Alan Biggs: Chris Wilder remains confident amongst boardroom strife behind the scenes at Sheffield United
Some things you can't gloss over. Like a civil war raging inside a football club. And yet Sheffield United's hopes for a successful season dependÂ on doing exactly that.
It’s why the club’s manager is likely to keep a relentless focus on being confident and positive. Importantly, too, he will know better than anyone the psyche of those Blades fans getting a bit heated over this slow-burn of a summer.
Given the boardroom – and courtroom – strife between warring owners, such discontent is entirely predictable and forgivable.
How do those supporters see it? Well. . . five players sought for various roles, less than four weeks to the new campaign, only one (a keeper to replace a keeper) signed. That was the position as this was being written – amid some scoffing at the standard free-hit trial offered to a striker of repute in David McGoldrick, who made a nonsense of such derision in the midweek friendly at Bradford City.
But if the frustration is understandable then so is the delay. Whoever said it would be easy, on still very limited resources, to improve on this squad of players? Wilder had warned at the outset that recruits ideally had to be better than those already at the club.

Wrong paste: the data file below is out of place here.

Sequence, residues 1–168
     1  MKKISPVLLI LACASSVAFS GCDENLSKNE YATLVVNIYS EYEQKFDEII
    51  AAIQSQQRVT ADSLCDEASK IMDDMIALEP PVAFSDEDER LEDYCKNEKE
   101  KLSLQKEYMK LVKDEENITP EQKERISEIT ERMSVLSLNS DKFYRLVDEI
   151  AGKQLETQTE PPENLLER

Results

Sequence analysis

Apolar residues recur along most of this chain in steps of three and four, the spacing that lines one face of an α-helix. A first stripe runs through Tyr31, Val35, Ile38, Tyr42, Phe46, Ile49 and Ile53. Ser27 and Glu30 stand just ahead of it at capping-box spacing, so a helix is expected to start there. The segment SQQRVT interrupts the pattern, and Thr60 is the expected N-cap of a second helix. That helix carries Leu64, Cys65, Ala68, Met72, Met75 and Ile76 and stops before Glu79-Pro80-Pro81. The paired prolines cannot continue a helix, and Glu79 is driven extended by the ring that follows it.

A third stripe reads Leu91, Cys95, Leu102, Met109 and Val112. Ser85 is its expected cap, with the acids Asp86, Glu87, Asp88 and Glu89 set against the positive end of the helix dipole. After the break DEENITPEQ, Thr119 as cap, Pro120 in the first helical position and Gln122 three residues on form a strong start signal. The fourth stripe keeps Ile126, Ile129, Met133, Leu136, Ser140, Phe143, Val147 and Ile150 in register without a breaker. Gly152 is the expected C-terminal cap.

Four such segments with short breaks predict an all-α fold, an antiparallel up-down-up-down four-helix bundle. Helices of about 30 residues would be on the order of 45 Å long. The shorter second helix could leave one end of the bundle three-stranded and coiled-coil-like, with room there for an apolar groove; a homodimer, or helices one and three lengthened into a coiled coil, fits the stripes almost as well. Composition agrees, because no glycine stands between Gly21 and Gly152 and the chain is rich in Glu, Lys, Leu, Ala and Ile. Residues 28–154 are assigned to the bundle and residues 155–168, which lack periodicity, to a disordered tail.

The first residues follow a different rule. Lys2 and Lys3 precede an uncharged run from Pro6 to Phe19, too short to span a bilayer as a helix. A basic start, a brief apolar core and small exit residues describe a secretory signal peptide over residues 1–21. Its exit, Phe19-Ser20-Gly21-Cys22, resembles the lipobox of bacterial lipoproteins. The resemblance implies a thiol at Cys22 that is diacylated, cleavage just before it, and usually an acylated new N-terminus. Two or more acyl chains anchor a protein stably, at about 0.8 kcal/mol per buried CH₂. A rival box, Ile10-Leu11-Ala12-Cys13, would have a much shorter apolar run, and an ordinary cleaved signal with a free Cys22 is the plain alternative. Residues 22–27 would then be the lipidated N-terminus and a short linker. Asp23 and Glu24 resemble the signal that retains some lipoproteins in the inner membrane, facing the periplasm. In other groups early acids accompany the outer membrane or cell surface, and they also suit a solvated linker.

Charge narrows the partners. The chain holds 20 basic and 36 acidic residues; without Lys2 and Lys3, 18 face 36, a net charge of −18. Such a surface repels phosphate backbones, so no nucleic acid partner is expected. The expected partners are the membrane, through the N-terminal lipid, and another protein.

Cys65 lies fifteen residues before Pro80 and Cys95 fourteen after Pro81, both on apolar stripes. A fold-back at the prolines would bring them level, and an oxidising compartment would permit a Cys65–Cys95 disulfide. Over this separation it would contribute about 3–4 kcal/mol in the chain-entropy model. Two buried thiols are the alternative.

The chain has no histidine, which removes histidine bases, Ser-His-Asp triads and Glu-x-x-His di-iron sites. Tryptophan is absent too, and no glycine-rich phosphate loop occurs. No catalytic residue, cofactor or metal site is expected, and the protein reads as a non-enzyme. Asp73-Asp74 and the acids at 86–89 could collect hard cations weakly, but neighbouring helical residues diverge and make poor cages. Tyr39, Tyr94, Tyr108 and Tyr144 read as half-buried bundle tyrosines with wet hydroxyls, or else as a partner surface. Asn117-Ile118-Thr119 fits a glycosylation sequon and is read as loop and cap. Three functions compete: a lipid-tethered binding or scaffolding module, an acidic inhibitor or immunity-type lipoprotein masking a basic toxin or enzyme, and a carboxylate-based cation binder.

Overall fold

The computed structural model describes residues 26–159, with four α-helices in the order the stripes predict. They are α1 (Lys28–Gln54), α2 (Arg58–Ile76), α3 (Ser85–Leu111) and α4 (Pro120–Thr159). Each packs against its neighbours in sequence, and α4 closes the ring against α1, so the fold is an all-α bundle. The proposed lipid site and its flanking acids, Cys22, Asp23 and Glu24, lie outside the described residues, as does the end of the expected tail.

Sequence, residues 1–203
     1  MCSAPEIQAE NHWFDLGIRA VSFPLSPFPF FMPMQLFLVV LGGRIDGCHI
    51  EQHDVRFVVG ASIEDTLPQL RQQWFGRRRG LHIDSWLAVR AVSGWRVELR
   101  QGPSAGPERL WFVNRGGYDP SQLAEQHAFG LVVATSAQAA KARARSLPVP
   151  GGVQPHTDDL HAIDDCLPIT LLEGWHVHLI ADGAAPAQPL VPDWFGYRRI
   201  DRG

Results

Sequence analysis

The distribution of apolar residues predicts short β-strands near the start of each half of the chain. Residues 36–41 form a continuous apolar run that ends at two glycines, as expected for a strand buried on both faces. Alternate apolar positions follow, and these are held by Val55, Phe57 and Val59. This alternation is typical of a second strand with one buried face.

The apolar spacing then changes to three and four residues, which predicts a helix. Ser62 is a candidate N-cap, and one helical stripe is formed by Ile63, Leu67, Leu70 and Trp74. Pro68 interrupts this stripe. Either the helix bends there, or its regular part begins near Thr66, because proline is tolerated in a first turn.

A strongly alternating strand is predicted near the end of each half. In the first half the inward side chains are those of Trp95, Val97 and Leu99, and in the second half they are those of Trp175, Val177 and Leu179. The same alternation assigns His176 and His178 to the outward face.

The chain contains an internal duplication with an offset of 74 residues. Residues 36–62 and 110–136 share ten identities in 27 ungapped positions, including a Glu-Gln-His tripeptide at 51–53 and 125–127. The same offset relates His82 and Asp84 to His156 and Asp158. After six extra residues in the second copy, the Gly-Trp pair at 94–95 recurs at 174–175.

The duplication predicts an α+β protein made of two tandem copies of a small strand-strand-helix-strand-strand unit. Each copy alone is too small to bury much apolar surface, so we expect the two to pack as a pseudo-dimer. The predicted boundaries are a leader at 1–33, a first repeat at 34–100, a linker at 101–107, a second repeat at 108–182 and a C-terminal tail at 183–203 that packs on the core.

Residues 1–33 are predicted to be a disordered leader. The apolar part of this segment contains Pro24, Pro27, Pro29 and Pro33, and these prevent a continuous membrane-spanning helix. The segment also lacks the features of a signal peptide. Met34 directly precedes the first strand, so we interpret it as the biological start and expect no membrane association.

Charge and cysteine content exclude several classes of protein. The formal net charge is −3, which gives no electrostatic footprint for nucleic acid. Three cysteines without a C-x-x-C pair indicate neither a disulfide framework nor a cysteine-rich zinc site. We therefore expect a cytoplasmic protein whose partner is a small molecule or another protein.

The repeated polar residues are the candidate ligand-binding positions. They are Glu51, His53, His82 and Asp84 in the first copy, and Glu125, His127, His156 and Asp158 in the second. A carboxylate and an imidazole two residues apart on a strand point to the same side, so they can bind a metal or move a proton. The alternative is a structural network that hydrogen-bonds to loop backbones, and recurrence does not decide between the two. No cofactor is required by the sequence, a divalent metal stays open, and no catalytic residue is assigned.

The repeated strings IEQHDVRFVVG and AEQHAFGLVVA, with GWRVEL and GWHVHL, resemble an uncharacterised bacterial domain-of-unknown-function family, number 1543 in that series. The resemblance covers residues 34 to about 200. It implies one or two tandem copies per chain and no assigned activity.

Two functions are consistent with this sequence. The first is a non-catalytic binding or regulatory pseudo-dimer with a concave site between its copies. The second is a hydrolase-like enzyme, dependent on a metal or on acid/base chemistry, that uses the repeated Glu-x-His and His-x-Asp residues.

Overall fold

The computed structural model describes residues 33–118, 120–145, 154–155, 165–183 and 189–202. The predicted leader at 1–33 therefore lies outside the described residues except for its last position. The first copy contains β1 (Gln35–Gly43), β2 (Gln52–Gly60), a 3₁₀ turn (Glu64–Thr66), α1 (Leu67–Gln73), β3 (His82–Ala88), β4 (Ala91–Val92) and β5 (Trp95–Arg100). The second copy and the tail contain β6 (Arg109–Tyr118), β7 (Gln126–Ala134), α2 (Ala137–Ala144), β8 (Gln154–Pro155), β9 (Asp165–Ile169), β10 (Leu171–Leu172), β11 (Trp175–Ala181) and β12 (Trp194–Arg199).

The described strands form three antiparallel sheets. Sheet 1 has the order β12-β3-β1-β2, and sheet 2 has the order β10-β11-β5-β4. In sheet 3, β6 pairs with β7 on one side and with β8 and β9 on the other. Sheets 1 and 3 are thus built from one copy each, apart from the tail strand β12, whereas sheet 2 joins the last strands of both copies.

That’s a tall order, even without lingering uncertainty over how much exactly he has to spend, assumed to be ring-fenced around Wilder’s agreement on a new contract and gauged by this column recently to be upwards of £6m (before any of the David Brooks money). Returning CEO Steve Bettis, a much needed buffer between team boss and board, is the key man in facilitating all this.
Some people are making the further assumption that Wilder doesn’t want to pay over the current wage ceiling or is unwilling to do so for fear of disrupting the togetherness of the squad.
It might be a factor in the choice, but I don’t believe that to be the case. Otherwise, how do you progress? How do you enlist targets like Sam Gallagher and Scott Hogan, among others?
The point is that players will accept others earning more providing they can see that, by deed and reputation, they are worth it. If so, they can be welcomed into the group and encouraged to make a difference, which in turn benefits the whole.
So it’s highly logical that more time is taken over this and, of course, better players are harder to get.
If that poses a test of nerve for people associated with Sheffield United, you can bet the manager won’t be the one failing it.